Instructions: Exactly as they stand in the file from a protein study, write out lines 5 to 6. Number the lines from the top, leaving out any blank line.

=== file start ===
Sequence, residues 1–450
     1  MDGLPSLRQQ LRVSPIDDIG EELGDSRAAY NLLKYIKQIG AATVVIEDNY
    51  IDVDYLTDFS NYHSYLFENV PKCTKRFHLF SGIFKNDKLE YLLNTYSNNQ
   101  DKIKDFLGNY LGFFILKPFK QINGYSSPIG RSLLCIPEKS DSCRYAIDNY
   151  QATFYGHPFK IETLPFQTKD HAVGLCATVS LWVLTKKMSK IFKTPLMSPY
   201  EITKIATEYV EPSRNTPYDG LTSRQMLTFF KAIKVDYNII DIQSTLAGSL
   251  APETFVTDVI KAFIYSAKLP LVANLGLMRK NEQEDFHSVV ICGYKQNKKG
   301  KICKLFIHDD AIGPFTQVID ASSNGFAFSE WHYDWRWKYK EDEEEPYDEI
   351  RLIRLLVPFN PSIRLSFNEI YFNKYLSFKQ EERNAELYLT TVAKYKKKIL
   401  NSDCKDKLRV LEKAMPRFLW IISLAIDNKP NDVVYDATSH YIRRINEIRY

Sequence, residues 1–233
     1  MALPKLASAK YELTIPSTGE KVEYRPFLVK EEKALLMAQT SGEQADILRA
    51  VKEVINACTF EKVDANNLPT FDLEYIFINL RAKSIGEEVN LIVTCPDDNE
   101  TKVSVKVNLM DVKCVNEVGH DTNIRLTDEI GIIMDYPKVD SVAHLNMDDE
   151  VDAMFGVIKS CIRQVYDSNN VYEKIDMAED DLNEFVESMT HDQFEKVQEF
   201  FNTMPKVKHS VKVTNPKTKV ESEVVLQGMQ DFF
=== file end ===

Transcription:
   151  QATFYGHPFK IETLPFQTKD HAVGLCATVS LWVLTKKMSK IFKTPLMSPY
   201  EITKIATEYV EPSRNTPYDG LTSRQMLTFF KAIKVDYNII DIQSTLAGSL